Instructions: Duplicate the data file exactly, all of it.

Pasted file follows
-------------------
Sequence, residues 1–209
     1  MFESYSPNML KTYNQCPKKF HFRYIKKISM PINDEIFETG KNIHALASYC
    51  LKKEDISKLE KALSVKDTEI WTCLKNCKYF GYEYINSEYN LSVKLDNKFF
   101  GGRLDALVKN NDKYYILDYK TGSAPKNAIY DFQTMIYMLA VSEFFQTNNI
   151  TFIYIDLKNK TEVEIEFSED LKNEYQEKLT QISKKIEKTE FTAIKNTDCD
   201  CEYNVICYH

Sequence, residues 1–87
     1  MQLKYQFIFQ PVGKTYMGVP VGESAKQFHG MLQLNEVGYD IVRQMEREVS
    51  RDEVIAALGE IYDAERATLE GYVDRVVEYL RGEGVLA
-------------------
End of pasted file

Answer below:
Sequence, residues 1–209
     1  MFESYSPNML KTYNQCPKKF HFRYIKKISM PINDEIFETG KNIHALASYC
    51  LKKEDISKLE KALSVKDTEI WTCLKNCKYF GYEYINSEYN LSVKLDNKFF
   101  GGRLDALVKN NDKYYILDYK TGSAPKNAIY DFQTMIYMLA VSEFFQTNNI
   151  TFIYIDLKNK TEVEIEFSED LKNEYQEKLT QISKKIEKTE FTAIKNTDCD
   201  CEYNVICYH

Sequence, residues 1–87
     1  MQLKYQFIFQ PVGKTYMGVP VGESAKQFHG MLQLNEVGYD IVRQMEREVS
    51  RDEVIAALGE IYDAERATLE GYVDRVVEYL RGEGVLA